Ambleside is a pretty, historical town with lots of excellent hotels, restaurants, pubs and other amenities, making it a great base for touring the many attractions of the southern and central Lake District. The Ambleside tourist information board has provided us with the following info.
Ambleside has evidence of pre-Roman settlement, including the fort ‘Galava’ found in the town’s Borrans Park, which was built to defend the South Lakeland fells from invasion. However Ambleside’s architecture is predominantly Victorian.
The town is also known for its literary history, with famous names such as William Wordsworth, John Ruskin and Beatrix Potter – all of whom have spent considerable time in the area. If you are particularly interested in literature, you should visit nearby Grasmere and Rydal Mount, two of Wordsworth’s former homes, and Hawkshead, a quaint and appealing village, which was Beatrix Potter’s home for many years and the location for the recent film about her life.
To learn more about the area, you can visit the interesting Ambleside Museum on Rydal Road, which also centres on the area’s literary heritage.
Ambleside is located at the northern end of Lake Windermere, five miles northwest of Windermere town. It is possible to take steamers and launches from the pier at Waterhead (around half a mile from Ambleside’s town centre) to visit nearby Bowness or Lakeside, the starting point for the Lakeside and Haverthwaite Steam Railway.
History enthusiasts will benefit from taking a stroll along the ‘Ambleside Heritage Trail’ which is detailed on a leaflet produced by Ambleside Civic Trust. This takes you through some of Ambleside’s most important sights, highlighting building of interest, including How Head, the town’s oldest building. You can pick up a leaflet in the Tourist Information Centre and from most of the Ambleside hotels.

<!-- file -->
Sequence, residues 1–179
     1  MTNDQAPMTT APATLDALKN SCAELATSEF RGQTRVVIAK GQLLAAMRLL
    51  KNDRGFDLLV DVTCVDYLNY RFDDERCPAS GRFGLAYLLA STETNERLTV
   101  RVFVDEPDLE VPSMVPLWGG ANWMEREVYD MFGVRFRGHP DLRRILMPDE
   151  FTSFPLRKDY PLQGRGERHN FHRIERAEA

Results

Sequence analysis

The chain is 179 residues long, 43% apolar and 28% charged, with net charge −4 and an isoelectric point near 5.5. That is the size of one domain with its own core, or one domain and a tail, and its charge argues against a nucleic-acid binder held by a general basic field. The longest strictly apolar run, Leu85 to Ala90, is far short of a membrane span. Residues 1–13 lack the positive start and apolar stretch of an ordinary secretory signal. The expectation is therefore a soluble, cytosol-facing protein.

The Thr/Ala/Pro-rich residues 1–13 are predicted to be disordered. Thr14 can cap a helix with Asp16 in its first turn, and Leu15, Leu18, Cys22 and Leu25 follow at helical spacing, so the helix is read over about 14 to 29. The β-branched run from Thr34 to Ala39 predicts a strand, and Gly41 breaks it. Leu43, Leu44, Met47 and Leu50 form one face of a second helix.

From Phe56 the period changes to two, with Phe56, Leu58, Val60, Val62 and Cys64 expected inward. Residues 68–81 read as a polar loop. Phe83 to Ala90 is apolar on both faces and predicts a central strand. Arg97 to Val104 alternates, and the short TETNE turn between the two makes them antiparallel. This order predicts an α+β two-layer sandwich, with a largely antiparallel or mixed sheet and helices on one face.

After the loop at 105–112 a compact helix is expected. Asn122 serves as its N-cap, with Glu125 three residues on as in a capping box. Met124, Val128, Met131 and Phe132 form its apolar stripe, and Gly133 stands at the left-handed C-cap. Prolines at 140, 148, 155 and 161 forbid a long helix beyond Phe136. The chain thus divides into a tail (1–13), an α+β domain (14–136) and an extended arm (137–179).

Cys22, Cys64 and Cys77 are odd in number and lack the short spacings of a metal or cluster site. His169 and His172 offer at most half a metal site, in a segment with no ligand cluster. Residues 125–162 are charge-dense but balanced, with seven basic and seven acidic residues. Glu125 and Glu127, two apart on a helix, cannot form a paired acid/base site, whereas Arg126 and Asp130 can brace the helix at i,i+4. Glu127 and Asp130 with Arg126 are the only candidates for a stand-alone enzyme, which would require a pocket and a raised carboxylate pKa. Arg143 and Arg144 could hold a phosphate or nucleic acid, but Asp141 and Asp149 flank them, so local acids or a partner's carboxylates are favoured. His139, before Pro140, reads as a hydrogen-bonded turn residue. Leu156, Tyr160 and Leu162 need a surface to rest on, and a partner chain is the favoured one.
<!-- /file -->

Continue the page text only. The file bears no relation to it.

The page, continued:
Walkers will be spoilt for choice, as the town is surrounded by a number of impressive fells including Loughrigg, Red Screes and the Fairfield range, and some of the area’s finest walks can be started directly from the doorstep of the many hotels in Ambleside. If you’re not up for a challenging hike, there are shorter circuit walks to suit all abilities and there is a spectacular waterfall, Stock Ghyll, located at less than 1km from the town’s centre.
Ambleside is one of the Lake District’s best towns for shopping. There are numerous stores which cater specifically for walkers and other outdoors enthusiasts. There are also small supermarkets, clothes shops, bakeries and pharmacies. Every Wednesday, there is a small but interesting craft market which takes place on King Street, near the car park.
Eating, Drinking and Entertainment
Ambleside also boasts a number of eating options, ranging from fine restaurants serving British, European, French and Asian food to great value, hearty breakfast cafes. Some recommended options include The Glass House (classic British and European menu – located on Rydal Road), Lucy’s of Ambleside (classic British food – branches on Church St and St.Mary’s Lane) and The Drunken Duck Inn (a renowned gastro pub – located a little out of town in nearby Outgate). There are also a number of pubs and bars in the town itself.
For rainy days and evenings, there is a wonderful independent cinema, Zeffirelli’s, which has a good restaurant and bar attached, making it the perfect spot for a complete night out.